For decades, the Golden State Warriors have been an afterthought, frequently missing NBA playoffs. Last year, they won the NBA championship and they continue to be on a roll. The biggest difference in the past five or so years? Venture capitalists bought the team--not all that unusual in sports--and then decided to run it like another startup in their portfolio.
Kleiner Perkins Caufield & Byers partner Joe Lacob and a group of fellow investors purchased the team for $450 million in 2010. A New York Times Magazine story describes how the owners--most hailing from Silicon Valley--think their management style is responsible for the team's successes. Sure, it helps to have Stephen Curry on the team (he was already there when the VCs bought the Warriors) but the owners view the team's achievements as part of a master plan.
"Lacob was not the first venture capitalist to buy a franchise, but he is the first to operate one according to what might be called Silicon Valley precepts: nimble management, open communication, integrating the wisdom of outside advisers and continuous re-evaluation of what companies do and how they do it. None of that typically happens in professional sports," writes journalist Bruce Shoenfeld.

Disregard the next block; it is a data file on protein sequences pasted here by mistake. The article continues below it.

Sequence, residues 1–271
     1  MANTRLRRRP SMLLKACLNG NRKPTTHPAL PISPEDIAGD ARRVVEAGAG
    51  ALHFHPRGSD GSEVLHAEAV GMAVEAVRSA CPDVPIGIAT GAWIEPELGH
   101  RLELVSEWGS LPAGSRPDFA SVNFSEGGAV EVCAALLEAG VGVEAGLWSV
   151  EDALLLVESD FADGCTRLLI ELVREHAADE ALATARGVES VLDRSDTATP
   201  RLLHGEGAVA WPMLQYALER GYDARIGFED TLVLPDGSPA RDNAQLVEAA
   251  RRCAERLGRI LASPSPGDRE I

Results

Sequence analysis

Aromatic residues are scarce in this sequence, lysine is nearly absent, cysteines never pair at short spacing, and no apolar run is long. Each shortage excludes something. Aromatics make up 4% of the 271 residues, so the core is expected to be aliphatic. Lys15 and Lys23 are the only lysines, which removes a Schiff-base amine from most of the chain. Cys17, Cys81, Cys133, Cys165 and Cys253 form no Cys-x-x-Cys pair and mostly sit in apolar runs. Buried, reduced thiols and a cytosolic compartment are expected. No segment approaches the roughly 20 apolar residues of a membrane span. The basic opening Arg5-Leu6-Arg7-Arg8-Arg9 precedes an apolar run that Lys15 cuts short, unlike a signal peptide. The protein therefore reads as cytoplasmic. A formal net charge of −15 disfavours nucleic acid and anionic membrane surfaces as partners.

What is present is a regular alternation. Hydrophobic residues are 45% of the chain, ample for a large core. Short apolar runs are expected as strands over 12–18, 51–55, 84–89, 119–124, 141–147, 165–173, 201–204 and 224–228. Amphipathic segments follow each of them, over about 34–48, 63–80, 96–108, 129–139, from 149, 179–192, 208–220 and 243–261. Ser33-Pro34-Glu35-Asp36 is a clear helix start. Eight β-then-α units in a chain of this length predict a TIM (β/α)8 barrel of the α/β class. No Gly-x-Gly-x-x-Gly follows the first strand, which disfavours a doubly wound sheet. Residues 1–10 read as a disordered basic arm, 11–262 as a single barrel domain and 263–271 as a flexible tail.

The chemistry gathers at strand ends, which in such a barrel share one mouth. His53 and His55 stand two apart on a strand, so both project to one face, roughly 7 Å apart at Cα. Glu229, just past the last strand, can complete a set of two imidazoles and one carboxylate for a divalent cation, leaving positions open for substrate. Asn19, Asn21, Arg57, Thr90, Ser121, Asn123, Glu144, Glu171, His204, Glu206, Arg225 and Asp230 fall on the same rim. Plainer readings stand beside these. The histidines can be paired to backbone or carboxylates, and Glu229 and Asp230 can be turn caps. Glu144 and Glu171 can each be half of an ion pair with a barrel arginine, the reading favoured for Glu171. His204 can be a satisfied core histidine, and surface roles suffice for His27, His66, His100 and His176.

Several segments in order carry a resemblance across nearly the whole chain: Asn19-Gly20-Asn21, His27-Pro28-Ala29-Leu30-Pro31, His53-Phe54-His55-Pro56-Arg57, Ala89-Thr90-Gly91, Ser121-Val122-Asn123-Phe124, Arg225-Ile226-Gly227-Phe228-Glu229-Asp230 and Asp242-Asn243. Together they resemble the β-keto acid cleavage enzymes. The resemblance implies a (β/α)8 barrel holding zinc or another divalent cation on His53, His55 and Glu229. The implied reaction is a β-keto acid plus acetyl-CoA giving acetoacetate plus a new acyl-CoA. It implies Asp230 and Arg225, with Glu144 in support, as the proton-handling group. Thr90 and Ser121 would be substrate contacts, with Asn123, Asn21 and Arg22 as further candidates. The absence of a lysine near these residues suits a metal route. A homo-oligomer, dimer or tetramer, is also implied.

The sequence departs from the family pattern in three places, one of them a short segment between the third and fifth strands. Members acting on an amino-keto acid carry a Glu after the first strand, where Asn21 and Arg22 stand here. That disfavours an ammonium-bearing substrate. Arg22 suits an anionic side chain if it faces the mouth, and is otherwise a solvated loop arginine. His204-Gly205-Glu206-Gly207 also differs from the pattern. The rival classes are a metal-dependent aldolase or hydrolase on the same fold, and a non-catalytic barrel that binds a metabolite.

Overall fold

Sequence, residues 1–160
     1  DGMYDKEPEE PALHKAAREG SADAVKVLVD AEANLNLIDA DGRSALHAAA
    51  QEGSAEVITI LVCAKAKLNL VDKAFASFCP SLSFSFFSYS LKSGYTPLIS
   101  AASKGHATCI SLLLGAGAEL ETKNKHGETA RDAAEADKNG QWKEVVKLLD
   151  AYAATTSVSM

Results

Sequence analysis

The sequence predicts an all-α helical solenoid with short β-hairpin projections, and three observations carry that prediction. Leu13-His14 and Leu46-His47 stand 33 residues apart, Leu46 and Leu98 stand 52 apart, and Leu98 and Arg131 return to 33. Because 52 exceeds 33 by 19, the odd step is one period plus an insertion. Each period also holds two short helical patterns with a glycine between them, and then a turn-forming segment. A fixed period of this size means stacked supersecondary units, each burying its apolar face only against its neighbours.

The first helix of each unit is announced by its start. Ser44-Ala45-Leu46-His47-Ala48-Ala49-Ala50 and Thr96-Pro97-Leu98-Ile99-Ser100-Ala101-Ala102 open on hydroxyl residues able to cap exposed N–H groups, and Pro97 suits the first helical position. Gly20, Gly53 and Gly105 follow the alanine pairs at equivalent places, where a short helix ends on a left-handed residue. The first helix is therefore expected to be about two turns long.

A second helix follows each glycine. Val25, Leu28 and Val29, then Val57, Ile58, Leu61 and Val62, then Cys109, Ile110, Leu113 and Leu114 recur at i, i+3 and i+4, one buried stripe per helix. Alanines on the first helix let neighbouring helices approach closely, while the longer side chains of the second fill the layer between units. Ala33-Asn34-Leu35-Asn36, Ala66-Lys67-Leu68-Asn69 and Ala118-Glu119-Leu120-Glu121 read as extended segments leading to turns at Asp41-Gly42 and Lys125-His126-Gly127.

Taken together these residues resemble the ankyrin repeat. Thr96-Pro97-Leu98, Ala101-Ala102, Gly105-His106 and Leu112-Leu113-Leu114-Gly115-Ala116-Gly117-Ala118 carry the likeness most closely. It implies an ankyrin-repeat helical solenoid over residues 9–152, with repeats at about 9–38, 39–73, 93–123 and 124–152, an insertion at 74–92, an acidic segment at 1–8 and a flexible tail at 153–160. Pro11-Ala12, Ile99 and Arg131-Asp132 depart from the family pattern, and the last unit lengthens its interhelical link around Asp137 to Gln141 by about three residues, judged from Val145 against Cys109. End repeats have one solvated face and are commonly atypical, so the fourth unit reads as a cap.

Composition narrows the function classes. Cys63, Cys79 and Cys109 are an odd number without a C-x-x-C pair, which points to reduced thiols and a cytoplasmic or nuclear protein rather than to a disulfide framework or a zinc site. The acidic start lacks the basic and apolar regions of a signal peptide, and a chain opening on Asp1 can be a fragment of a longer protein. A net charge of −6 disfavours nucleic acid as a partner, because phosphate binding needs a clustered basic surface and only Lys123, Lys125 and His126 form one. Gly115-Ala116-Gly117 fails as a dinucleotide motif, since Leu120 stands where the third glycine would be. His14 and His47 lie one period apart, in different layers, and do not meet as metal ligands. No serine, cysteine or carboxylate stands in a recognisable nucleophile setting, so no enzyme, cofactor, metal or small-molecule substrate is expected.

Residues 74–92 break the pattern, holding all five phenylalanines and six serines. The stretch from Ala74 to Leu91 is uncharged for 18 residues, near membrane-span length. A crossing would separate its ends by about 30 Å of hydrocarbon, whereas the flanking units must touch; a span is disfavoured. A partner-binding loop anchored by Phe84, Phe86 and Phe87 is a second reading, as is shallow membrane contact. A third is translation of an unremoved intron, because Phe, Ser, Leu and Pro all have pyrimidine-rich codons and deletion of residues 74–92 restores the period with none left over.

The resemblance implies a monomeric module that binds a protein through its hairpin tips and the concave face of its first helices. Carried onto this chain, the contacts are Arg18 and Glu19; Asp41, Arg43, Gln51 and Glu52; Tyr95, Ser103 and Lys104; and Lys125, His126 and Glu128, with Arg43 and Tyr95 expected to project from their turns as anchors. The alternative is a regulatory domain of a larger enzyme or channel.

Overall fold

Lacob saw the Warriors as an under-performing business and one he could turn around with the right management strategies. Here are three ways he and his fellow investors approached managing the team just as you would expect them to--as VCs. As sports writers have noted, whatever Lacob is doing, it seems to be working.
Instead of being hands-off, Lacob rolled up his sleeves and strategized.
When some investors buy sports teams, they sink cash in with no strings attached. Not Lacob. "Everyone he's partnered with has a strategic reason to be there," Dennis Mannion, C.E.O. of the Detroit Pistons, told New York Times Magazine. "You have this phenomenal bullpen of talent."
Lacob reimagined the franchise as a software startup.
Lacob is used to managing a portfolio of companies, something Shoenfield suggests is similar to running a franchise. When he took over the Warriors, he physically reorganized the front office in such a way as to give it a tech startup feel. He removed walls and converted the office to an open floor plan. "You walk through there now, and it's young, and there's excitement," Gib Arnold, a former University of Hawaii head coach, told New York Times Magazine. "It's Google in the N.B.A."
He structured his investor team the way a VC would.
Lacob and Hollywood entrepreneur Peter Gruber, who's also invested in the Warriors, brought on N.B.A. Hall of Famer Jerry West, someone obviously well-known in basketball circles. They knew it would be a good way to stave off any criticism of their decisions. Lacob put it this way: "If we make a mistake, 'Well, Jerry West thought it was a good idea.' " Vanguard Ventures' Tom McConnell described the move as something he would expect from Lacob. "Bringing in Jerry West is not just a VC move but a typical Kleiner move," he told the magazine. "They always put Nobel laureates on their advisory boards. In basketball, that's West."